Book Review – The Life of Pi

I don’t think I’ve ever read a book which has divided my opinion of it as much as Yann Martel’s award winning ‘The Life of Pi’ has. I reacted very differently to different aspects of this book, which is why I am dividing this post into three sections so that I can keep my thoughts on track and hopefully present you with a coherent review. Those three sections are the story, the style and the spirituality.

1) The Story

I’ll try to write this section without giving the plot details away for anyone who is interested in reading the book. Essentially, the book is the story of a young boy, Pi Patel, who loses his family in a shipwreck of which he is the only human survivor. Martel describes Pi’s early life in India in Part 1 of the book, before moving into a long narrative of the boy’s adventures at sea in Part 2, rounding off the loose ends in the very short Part 3. I’m going to be blunt here: the story is not very exciting. For large parts of the book, not a lot happens. To be fair to Martel, how do you make over 200 days at sea consistently interesting to read? Martel is not wholly unsuccessful, for reasons which will be explained in the next section, but overall, I did find the plot to be a bit of a drag. I will freely admit that that’s probably at least partly down to the fact that this book is very different from the fantasy/adventure type novels that I personally prefer, but I can’t help but think that the novel lacks ‘hooks’, for want of a better word. It’s not the kind of book that made me want to keep turning the page – I could put it down if I thought of something better to do. For me, the storyline is the weakest aspect of this novel, but there are certainly other areas of interest.

2) The Style

Martel partly makes up for the lack of interest in the storyline through a combination of engaging humour and beautiful descriptions. I wish I’d book-marked some pages in the book to give you quotes from, but I haven’t. You’ll have to take my word for it (or read the book yourself) when I say that some of Martel’s descriptions of the natural world, in particular, Richard Parker, the Bengal Tiger (yes, his name really is Richard Parker!), are nothing short of magnificent. Truly, parts of this book are breathtaking. Then there are the elements of humour, certainly more frequent in Part 1 and Part 3 of the book, which is to be expected, given that in Part 2, Pi is struggling to survive at sea. I have to admit, I did find Part 3 brilliant, as 2 Japanese investigators attempt to find out the truth of Pi Patel’s story and it is that humour that keeps this book lively when it might otherwise fall flat on its face. I can’t help but think that if Martel’s wit and magnificent writing style were coupled with a suitably exciting storyline, I would have just read one of the best books that I have ever read in my life. However, there is one more very important element to this book which I cannot ignore and do not want to ignore.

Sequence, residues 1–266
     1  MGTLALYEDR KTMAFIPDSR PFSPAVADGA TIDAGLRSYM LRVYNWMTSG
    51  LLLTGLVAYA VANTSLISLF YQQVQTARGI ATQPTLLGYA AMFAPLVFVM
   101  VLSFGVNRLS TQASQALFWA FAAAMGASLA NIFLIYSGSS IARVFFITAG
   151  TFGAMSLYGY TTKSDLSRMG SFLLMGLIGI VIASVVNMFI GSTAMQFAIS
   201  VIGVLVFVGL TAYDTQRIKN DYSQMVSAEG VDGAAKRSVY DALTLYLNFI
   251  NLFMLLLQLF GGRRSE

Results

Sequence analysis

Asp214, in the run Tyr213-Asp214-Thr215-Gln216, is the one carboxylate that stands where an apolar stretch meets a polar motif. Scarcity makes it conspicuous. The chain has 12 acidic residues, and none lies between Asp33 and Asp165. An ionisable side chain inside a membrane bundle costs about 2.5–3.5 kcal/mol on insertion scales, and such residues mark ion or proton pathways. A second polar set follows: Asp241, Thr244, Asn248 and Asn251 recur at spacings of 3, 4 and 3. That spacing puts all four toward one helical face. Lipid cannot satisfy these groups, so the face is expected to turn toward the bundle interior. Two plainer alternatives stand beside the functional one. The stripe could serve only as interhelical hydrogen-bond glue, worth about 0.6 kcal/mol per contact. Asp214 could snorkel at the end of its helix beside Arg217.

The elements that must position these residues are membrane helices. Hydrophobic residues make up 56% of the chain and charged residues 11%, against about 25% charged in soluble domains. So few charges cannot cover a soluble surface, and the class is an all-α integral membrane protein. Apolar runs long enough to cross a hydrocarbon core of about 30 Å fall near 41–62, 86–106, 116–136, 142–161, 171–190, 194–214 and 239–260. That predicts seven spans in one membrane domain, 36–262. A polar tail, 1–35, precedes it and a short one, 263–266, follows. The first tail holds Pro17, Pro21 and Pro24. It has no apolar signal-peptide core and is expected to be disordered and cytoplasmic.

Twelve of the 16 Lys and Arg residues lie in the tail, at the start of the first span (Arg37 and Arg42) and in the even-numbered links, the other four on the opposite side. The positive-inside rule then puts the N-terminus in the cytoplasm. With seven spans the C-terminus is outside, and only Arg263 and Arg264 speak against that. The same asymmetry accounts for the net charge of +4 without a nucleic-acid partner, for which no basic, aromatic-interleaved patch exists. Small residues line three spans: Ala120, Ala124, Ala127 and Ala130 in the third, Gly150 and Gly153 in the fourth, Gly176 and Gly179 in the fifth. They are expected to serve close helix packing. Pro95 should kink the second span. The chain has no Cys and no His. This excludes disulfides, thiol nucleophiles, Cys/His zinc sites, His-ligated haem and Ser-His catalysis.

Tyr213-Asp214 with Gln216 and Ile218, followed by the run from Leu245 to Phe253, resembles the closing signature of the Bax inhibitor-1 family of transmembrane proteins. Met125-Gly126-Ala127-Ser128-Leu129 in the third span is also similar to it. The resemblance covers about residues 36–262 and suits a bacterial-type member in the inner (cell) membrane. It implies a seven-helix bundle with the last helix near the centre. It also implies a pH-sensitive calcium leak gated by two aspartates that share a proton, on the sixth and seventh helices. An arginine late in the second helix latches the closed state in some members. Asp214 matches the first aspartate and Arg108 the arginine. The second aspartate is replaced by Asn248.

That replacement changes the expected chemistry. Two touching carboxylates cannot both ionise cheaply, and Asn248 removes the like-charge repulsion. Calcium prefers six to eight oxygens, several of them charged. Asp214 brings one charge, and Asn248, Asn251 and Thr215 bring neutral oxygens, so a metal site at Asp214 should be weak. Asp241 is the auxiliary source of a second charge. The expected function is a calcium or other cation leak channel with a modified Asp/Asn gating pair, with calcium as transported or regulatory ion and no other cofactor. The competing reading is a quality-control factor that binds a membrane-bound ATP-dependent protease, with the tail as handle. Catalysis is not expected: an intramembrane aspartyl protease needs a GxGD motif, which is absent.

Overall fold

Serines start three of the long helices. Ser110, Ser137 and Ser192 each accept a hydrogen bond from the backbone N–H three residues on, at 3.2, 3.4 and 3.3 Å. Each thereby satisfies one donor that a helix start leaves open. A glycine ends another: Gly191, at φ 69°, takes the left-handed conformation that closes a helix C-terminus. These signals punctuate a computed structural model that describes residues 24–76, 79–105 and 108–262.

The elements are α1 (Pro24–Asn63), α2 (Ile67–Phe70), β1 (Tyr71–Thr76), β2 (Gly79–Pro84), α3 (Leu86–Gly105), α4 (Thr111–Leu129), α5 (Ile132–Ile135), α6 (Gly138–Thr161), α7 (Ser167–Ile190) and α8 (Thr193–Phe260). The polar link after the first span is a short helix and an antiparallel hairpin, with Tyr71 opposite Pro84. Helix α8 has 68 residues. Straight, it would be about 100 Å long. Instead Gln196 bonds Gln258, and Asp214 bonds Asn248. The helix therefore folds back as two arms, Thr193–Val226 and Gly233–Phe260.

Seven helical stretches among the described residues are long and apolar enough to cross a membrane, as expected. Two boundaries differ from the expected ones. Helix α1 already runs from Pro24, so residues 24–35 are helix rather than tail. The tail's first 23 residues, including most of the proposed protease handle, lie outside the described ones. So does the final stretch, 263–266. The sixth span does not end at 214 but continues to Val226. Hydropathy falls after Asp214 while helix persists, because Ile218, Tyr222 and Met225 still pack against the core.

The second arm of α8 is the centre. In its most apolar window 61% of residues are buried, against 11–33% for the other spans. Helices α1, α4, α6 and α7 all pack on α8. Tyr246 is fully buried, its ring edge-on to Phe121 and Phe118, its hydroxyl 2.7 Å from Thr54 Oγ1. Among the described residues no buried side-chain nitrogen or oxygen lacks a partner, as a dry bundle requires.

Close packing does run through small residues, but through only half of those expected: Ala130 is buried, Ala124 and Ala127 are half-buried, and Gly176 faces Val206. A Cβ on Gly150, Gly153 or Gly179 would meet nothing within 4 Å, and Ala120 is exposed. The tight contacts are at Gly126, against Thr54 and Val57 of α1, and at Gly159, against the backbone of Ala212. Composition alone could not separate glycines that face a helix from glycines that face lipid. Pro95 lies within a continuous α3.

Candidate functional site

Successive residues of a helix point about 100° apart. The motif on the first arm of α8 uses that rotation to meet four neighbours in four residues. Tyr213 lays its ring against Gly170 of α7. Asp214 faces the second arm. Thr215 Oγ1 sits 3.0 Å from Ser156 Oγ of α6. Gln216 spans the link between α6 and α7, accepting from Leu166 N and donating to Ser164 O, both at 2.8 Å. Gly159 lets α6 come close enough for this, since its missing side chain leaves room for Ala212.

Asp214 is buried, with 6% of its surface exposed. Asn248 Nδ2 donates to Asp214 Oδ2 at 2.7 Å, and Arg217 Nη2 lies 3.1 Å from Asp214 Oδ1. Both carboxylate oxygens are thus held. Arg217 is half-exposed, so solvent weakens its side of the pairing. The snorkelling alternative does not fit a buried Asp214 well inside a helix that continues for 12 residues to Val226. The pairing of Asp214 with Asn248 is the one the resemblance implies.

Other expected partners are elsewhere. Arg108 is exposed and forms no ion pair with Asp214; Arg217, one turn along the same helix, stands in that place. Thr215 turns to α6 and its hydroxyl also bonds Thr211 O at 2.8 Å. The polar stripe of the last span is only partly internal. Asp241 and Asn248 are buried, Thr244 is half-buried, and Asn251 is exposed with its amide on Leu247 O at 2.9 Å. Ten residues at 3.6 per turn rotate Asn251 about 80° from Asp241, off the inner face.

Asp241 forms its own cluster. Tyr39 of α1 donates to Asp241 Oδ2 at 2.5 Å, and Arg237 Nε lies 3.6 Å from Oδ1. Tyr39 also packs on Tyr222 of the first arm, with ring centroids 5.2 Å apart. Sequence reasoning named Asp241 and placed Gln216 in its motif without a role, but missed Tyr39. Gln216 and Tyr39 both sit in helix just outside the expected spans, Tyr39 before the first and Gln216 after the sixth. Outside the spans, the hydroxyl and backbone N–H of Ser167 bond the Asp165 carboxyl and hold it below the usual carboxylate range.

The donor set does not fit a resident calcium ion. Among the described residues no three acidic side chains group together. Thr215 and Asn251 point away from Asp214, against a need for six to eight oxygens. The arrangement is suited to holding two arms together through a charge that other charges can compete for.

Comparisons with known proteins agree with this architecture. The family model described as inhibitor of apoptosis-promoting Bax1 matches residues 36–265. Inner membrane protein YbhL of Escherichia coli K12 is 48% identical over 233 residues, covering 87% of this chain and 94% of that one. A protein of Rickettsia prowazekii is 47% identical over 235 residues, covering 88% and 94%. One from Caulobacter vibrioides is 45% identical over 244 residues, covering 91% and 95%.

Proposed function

3) Spirituality

I don’t know what Yann Martel’s personal religious beliefs are, but he certainly presents the views of his central character as desirable and superior to other religious views. I expect that, in many ways, Pi Patel’s amalgamation of Catholicism, Hinduism and Islam is appealing to many people in our post-modern, Western culture, but I cannot help but disagree with it.